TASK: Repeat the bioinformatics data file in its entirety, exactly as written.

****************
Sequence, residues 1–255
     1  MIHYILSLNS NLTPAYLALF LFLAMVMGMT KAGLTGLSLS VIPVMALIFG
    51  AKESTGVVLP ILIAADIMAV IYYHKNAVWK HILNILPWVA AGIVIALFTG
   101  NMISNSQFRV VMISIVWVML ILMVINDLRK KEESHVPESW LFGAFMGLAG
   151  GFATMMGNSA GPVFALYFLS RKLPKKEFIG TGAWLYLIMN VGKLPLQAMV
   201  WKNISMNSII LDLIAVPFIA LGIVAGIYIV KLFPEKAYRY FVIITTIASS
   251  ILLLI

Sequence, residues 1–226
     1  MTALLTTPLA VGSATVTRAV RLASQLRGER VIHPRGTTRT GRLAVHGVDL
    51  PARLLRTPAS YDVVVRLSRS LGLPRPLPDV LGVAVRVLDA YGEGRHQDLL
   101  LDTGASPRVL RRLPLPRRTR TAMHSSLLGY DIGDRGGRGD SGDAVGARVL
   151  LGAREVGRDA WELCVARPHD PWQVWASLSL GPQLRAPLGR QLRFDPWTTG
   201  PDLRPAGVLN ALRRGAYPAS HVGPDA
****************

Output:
Sequence, residues 1–255
     1  MIHYILSLNS NLTPAYLALF LFLAMVMGMT KAGLTGLSLS VIPVMALIFG
    51  AKESTGVVLP ILIAADIMAV IYYHKNAVWK HILNILPWVA AGIVIALFTG
   101  NMISNSQFRV VMISIVWVML ILMVINDLRK KEESHVPESW LFGAFMGLAG
   151  GFATMMGNSA GPVFALYFLS RKLPKKEFIG TGAWLYLIMN VGKLPLQAMV
   201  WKNISMNSII LDLIAVPFIA LGIVAGIYIV KLFPEKAYRY FVIITTIASS
   251  ILLLI

Sequence, residues 1–226
     1  MTALLTTPLA VGSATVTRAV RLASQLRGER VIHPRGTTRT GRLAVHGVDL
    51  PARLLRTPAS YDVVVRLSRS LGLPRPLPDV LGVAVRVLDA YGEGRHQDLL
   101  LDTGASPRVL RRLPLPRRTR TAMHSSLLGY DIGDRGGRGD SGDAVGARVL
   151  LGAREVGRDA WELCVARPHD PWQVWASLSL GPQLRAPLGR QLRFDPWTTG
   201  PDLRPAGVLN ALRRGAYPAS HVGPDA